Tips for Connection

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Tips for Connection | Following are some very practical ways you can approach parenting to give both you and your child a sense of predictability and peace.  Know that if you are a new parent, these will be easier than if you have not been parenting in this way and make the switch to them | #WholnessHoliness #MargaretVasquezs #GrowingVirtue #ModelofHonesty #Friends #GrowingCharitytoUprootGreed #UprootGreed #GrowingCharity #TipsforConnectionTips for Connection

Tips for Connection. Following are some very practical ways you can approach parenting to give both you and your child a sense of predictability and peace.  Know that if you are a new parent, these will be easier than if you have not been parenting in this way and make the switch to them.  It is normal and natural for a child to test boundaries that are set for them.  It’s part of how we learn.  Eventually, a child will learn that the boundaries you set will hold (if you stick to them) and there will be less and less testing, just as we only drop things intentionally when we are very little.  Once we see that when dropped an object will fall to the ground, we know that the law of gravity pertains to us and we don’t wonder what will happen if we drop something.

Parenting Tips

  • Address only the “wise”/cooperative part of the child from your true self.

 

  • Do not make the child responsible for your emotions. Relate to the child out of calm compassion and encourage him/her to take responsibility for his/her emotions.

 

  • Be calm and assertive. If you cannot be and stay calm and assertive, look at and address why you cannot.

 

  • Affirm and accentuate the positive minute-by-minute, hour-by-hour, and day-by-day.

 

  • The child fundamentally wants to feel safe. When behavior is oppositional, angry, and defiant simply state and reassure emotional/physical safety.

 

  • Give free choices between true options whenever possible and affirm the choice that is made.

 

  • Create “no fail” situations that do not have any objective other than BEING one-on-one together with the child. This is time to develop relationship – not to reprimand or give directives.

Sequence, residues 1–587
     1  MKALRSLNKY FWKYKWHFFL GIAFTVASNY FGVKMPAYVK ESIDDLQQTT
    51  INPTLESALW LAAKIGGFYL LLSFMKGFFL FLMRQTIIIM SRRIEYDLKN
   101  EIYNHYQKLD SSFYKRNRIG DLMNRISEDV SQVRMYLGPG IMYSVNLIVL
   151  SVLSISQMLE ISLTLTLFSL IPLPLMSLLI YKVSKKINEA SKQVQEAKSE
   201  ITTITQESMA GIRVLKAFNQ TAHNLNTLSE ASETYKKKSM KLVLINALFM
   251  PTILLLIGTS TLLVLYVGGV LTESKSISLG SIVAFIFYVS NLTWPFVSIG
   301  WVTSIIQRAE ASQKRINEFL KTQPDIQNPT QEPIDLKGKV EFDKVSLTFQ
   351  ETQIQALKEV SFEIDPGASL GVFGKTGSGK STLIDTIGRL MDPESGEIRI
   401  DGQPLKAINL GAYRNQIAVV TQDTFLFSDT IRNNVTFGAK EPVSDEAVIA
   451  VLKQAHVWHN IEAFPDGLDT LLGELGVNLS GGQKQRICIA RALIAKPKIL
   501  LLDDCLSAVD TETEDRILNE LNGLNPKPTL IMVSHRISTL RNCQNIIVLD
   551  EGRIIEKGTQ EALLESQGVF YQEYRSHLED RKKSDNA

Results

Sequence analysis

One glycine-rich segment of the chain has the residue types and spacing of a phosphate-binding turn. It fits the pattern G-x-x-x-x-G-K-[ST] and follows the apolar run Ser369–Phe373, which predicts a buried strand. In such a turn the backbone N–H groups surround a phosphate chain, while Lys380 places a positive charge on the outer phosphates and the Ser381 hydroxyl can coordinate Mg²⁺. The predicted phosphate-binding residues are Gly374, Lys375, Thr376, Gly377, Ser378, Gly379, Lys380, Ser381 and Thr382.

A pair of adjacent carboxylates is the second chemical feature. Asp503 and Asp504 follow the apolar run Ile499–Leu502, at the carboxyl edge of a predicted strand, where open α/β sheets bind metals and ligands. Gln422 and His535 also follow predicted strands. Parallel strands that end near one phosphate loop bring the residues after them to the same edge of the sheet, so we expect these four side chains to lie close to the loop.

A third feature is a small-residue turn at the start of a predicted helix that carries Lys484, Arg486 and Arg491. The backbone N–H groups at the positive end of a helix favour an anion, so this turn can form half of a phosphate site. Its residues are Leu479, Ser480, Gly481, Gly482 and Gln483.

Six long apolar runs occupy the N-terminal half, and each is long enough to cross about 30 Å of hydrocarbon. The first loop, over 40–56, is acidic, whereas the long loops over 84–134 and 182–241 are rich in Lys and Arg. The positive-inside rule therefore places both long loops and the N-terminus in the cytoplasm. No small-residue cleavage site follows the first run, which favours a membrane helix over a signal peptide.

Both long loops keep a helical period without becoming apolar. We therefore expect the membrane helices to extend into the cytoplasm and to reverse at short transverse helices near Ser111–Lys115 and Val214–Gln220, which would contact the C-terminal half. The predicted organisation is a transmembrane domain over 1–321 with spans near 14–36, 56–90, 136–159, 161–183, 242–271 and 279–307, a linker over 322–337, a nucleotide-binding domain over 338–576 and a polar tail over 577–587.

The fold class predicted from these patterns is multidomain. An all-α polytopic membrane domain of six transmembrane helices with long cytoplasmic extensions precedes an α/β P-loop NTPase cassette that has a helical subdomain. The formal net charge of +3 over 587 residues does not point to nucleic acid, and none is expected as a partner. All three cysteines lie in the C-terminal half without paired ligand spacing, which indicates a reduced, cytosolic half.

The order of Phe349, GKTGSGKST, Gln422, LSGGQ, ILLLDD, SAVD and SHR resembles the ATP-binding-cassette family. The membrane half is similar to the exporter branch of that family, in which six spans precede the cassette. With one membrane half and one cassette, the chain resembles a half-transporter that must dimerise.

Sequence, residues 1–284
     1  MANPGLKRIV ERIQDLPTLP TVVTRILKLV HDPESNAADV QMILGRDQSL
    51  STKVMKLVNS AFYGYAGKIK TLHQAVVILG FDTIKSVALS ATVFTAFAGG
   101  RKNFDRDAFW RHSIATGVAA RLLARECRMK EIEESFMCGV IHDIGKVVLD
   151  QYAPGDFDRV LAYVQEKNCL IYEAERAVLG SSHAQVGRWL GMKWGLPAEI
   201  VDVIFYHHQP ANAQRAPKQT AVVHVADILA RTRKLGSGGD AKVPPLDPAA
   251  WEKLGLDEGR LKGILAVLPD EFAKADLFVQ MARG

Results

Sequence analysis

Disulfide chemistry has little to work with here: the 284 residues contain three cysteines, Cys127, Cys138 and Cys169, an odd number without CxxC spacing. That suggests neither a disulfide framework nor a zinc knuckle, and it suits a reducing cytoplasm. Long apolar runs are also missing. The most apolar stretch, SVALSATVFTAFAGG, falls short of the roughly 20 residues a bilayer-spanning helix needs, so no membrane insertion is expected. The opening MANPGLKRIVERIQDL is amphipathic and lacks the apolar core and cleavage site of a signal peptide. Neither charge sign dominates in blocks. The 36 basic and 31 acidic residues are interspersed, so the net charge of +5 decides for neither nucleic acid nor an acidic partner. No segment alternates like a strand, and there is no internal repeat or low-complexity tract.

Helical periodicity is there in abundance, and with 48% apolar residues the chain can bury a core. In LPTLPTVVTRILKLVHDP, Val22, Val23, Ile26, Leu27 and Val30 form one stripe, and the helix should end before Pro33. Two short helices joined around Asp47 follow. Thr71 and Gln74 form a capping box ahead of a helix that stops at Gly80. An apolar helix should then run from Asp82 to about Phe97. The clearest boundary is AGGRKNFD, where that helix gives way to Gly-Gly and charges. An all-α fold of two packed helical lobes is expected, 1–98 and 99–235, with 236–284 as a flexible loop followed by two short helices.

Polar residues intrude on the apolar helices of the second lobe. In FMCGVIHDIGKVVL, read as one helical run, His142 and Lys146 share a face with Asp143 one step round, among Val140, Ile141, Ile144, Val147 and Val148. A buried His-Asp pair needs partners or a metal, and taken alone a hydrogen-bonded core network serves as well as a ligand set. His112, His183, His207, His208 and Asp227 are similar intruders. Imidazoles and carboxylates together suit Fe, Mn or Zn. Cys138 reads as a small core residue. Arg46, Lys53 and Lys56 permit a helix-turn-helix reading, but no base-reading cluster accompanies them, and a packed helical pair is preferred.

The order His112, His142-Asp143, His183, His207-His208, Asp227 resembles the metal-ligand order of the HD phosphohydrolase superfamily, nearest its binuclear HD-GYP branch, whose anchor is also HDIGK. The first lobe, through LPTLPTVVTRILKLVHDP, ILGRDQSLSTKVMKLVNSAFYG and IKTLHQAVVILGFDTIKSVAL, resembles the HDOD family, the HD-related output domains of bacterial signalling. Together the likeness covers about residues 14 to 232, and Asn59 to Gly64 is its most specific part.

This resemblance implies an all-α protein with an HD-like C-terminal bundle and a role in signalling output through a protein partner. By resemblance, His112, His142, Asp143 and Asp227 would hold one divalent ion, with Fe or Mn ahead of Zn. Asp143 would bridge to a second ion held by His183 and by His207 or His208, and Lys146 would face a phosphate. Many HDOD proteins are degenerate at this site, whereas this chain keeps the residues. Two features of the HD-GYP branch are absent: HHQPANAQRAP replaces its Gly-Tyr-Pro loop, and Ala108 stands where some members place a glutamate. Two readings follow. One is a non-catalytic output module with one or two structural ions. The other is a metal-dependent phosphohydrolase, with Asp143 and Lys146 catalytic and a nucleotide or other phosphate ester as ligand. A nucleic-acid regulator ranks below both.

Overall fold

• Have and keep clear house rules with clear privileges and consequences that all caregivers enforce.  This prevents a sense of unknown/unpredictable for caregivers and child.

 

  • Focus on affirming and enjoying them rather than being afraid of or for them or controlling their behavior. The better he feels about himself the more he will control his own behavior.

 

  • If you expect her to fail, she probably will.

 

  • Be the leader. Do not wait for your child to set the tone for the day.  Treat oppositional behavior directly and immediately with the agreed upon consequences and then move on.  If you’re holding a grudge, deal with yourself and what that’s about.

 

  • Being frustrated is normal. Be frustrated with the behavior and not with the child.  If he becomes frustrated with himself as well, his behavior will only worsen and compound the problem.

Know that unaddressed trauma – even traumas that happened in the womb or as an infant can cause many confounding emotional and behavioral problems.  If a child is consistently in crisis, even behaviorally, that may indicate a need for trauma therapy.

Parenting is so important.  Consider that you are imaging God for your child.  How you represent the Lord far more than what you say about Him will come to be how he or she understands God.  It’s a noble calling and crucial to the forming of a world of peace.  May God bless your efforts with His own grace and strength, He who is Father of us all.

May the Lord give you peace.

Margaret

 

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